Thursday, November 15, 2007

Only the Big to get Bigger?

Having escaped Seattle with his scalp -- although the jeers and catcalls from last Friday's sixth and final public meeting on cross-ownership rule changes must still be ringing in his ears -- FCC chair Kevin Martin finally unveiled the extent of his proposed changes yesterday. Under his plan, noted Editor & Publisher, only newspapers in the 20 largest television markets would be allowed to hold station licences.

The rewrite Martin is proposing is, as his own office said in its announce-ment "notably more conservative in approach" than the sweeping cross-ownership rule change it proposed in 2003. That rule change was overturned by an appeals court that nevertheless endorsed the general idea that newspapers could own broadcast in their markets. Martin's rule would allow dailies only in the top 20 Nielsen Designated Market Areas (DMAs), and would allow a paper to own either one TV station or one radio station.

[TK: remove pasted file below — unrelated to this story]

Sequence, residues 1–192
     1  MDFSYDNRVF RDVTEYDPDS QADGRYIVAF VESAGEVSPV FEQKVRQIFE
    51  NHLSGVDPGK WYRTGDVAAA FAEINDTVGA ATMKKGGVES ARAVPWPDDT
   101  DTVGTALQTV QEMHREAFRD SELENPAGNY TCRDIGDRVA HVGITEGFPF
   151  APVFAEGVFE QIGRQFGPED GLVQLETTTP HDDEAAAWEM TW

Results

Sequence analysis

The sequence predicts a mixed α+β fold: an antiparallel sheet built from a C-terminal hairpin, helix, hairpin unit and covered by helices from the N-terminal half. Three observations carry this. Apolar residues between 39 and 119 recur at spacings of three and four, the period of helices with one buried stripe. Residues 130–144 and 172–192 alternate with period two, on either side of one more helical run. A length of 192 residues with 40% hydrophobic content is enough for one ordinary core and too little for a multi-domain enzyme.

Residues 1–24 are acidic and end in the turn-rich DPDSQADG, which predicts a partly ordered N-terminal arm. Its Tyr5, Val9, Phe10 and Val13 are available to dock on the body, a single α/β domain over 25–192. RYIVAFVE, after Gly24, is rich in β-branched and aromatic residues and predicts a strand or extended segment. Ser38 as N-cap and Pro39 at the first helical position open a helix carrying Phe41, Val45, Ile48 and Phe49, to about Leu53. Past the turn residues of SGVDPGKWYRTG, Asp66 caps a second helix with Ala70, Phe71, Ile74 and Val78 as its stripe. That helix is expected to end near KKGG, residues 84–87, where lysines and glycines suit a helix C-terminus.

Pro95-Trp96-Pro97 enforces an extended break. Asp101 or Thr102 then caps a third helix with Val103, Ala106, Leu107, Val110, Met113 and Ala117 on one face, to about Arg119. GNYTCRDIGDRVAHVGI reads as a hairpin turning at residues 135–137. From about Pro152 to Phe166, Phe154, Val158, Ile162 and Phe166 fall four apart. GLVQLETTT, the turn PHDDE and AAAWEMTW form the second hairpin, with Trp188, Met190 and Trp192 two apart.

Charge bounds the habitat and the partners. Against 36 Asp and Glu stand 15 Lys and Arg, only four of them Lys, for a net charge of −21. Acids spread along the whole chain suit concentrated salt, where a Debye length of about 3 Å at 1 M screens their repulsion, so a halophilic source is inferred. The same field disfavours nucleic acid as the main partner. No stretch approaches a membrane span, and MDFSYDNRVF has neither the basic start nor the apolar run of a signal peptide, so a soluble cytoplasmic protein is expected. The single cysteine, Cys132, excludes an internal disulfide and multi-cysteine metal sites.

The drive by media activists to preserve local news diversity apparently had some impact on the extent of the proposed changes, as newspapers would have to show that also owning a broadcast outlet would "increase the amount of local news in the market." As a result, the Newspaper Association of America (NAA) expressed disappointment at the "extremely limited" change to what it called "the onerous, decades-old" cross-ownership ban. Small-market publishers also cricitized the limited extent of the change. Martin claimed in a New York Times op-ed piece on Tuesday that the financial viability of the newspaper industry is at stake. "If we don't act to improve the health of the newspaper industry, we will see newspapers wither and die," Martin wrote. "Without newspapers, we would be less informed about our communities and have fewer outlets for the expression of independent thinking and a diversity of viewpoints."